This survey, which is now in its fifth iteration, began in 2013 and was revised in 2015 when GAR first asked counsel and arbitrators if they preferred using hearing centres to hotels, and, if so, what exactly they were looking for.
We now update it every year to show which of the current hearing centres best conforms to what people want.
But first, let’s go back to the beginning, and the key question: are arbitration-specific hearing spaces an improvement over hotels?
Not everybody, it turns out, likes them.
“I have a strong preference for holding the hearing at a hotel,” one Swiss counsel told GAR when we first asked this question. “This enables us to set up ‘war rooms’ on-site that can be accessed outside of ordinary working hours. This greatly facilitates hearing preparation before and after the actual hearing time. In contrast, at [a well-known arbitration hearing centre] for example, it is very difficult or impossible to access the breakout rooms before or after standard working hours. For this reason alone, I am not a big supporter of stand-alone dedicated arbitration hearing centres,” he said.
On the other hand, not everybody wants to visit their files in their pyjamas (and not every hearing centre is off-limits to those who do – many are happy to let you in out of hours). But it shows that people do have preferences, sometimes strong. So in 2013 and 2015 GAR decided to get to the bottom of them.
The result are the tables and commentary in this report.
The first finding was a strong preference of the 300-odd participants for hearing centres over hotels. Our Swiss interlocutor it turned out had been in the minority. Many intensified their response with a “by far” or “without any doubt”.
What’s so appealing about going “bespoke”?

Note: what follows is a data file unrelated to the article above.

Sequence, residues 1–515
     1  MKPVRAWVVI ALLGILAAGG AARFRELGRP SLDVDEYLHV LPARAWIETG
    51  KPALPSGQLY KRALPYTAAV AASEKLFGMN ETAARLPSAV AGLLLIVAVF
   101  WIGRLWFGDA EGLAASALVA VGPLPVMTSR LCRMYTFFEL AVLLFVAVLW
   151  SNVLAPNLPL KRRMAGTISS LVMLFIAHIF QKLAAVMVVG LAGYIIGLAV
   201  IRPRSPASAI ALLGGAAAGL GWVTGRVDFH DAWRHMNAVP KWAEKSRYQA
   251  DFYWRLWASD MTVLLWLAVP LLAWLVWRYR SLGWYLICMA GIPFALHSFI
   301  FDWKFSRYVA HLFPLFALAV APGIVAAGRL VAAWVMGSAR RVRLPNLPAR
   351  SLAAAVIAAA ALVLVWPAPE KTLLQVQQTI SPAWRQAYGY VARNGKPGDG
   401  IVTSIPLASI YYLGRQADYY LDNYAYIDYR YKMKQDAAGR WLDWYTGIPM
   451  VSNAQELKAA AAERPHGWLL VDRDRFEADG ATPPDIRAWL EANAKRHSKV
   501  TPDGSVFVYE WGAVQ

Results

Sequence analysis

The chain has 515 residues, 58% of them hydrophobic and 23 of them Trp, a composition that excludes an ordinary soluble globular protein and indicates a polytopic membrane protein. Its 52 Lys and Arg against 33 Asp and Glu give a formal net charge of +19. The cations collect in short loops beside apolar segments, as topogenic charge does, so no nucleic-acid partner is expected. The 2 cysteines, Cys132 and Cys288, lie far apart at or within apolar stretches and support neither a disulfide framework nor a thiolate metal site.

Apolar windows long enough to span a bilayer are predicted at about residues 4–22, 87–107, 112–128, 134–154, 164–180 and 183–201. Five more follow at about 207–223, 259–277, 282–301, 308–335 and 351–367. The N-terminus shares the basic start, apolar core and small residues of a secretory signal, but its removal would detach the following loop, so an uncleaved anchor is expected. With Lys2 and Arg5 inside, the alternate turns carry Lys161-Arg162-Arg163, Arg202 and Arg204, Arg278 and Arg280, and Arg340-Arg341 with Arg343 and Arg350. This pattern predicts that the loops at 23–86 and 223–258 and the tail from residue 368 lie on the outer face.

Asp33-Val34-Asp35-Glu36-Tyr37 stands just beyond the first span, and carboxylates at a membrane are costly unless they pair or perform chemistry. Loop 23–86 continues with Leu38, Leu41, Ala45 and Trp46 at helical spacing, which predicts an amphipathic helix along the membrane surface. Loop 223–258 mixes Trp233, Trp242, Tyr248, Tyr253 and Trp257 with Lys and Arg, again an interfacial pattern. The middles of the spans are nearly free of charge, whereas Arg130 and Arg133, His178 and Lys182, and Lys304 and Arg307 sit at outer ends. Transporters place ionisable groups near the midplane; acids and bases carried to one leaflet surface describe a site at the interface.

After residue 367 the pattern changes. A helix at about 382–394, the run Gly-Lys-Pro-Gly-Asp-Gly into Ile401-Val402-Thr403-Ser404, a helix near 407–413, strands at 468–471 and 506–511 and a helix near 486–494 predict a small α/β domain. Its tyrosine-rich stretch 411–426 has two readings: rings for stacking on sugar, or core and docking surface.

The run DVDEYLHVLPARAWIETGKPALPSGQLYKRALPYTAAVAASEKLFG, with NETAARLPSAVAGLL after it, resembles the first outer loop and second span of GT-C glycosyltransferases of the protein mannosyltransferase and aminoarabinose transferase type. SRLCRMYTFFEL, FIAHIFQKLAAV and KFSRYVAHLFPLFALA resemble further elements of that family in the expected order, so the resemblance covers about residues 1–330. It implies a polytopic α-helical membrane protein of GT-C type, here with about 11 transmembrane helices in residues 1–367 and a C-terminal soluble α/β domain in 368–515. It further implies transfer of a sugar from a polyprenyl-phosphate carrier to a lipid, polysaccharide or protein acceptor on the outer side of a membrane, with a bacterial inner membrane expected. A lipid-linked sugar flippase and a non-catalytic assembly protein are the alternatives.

In follow-up comments, respondents who favoured hearing centres used variants on the same theme. Hearings are stressful enough without worrying about silly details. Hearing centres are simply better at making everything run smoothly, and take care of the day-to-day.
“A hearing centre is better equipped to assist lawyers at a demanding moment,” said one source, “they’re simply more likely to be responsive to urgent requests.”
Our original survey also asked whether users were happy with the number of arbitration hearing centres around the world (Table C), and the amount of space. Although it appears to show reasonable satisfaction, a follow-up question – where GAR readers were asked if there were particular cities in which it was hard to find good space for a hearing – generated a long list and indicated the opposite.
Cities or regions where people highlighted difficulties included (remember this is from 2015) Geneva (“Go to Lausanne” said one person), Zurich, New York (the NYIAC had yet to open), Stockholm (the Stockholm International Arbitration Hearing Centre was also yet to open), Moscow, Tokyo, Beijing and India – not to mention “the whole of Africa and many parts of Asia”. (Editor’s note: the original survey also predated the launch of the Swiss Arbitration Hub, an online way to find and book arbitration-friendly hotels.)
Anecdotally, even in 2018, many GAR readers still feel the same. In the course of the past year GAR journalists have had private conversations about the number of hearings that still have to take place in hotels in London and Paris – two cities that have well-liked hearing centres.
Why don’t some people like arbitrating in hotels? After all, wherever you are, they’re generally thick on the ground. For one thing, in some locales there are problems with availability.
“Have you tried booking [meeting] space for a long period in Hong Kong?” asked one contributor to the original survey. “It’s nearly impossible to book the same hotel for the entire duration you’re likely to require.” This, he added, can be true even of the hotel you are staying in.
The same goes for New York during UN week, or almost any city “during fashion week!”
Client’s don’t always react well to the idea of a hotel, or their finance departments don’t. They can balk at paying top dollar at an expensive hotel, which in turn can have ramifications. One contributor told a story about arriving at a four-star hotel that was “so bad we immediately tried to upgrade our rooms to the suites”. Unfortunately for his side, the opponents had arrived a day earlier and done just that. “So no suites were left.” The case settled on the first day “and we were all very happy to leave”.
Beyond that, there’s the hotel’s lack of familiarity with the arbitral process. Setting up a room for a hearing is an art unto itself and, save for a few hotels in Switzerland, not a core skill of the trade. That leads to annoyances such having to continually re-explain room layouts, mix-ups over security and privacy, and – above all – confusion about who’s allowed access to which rooms.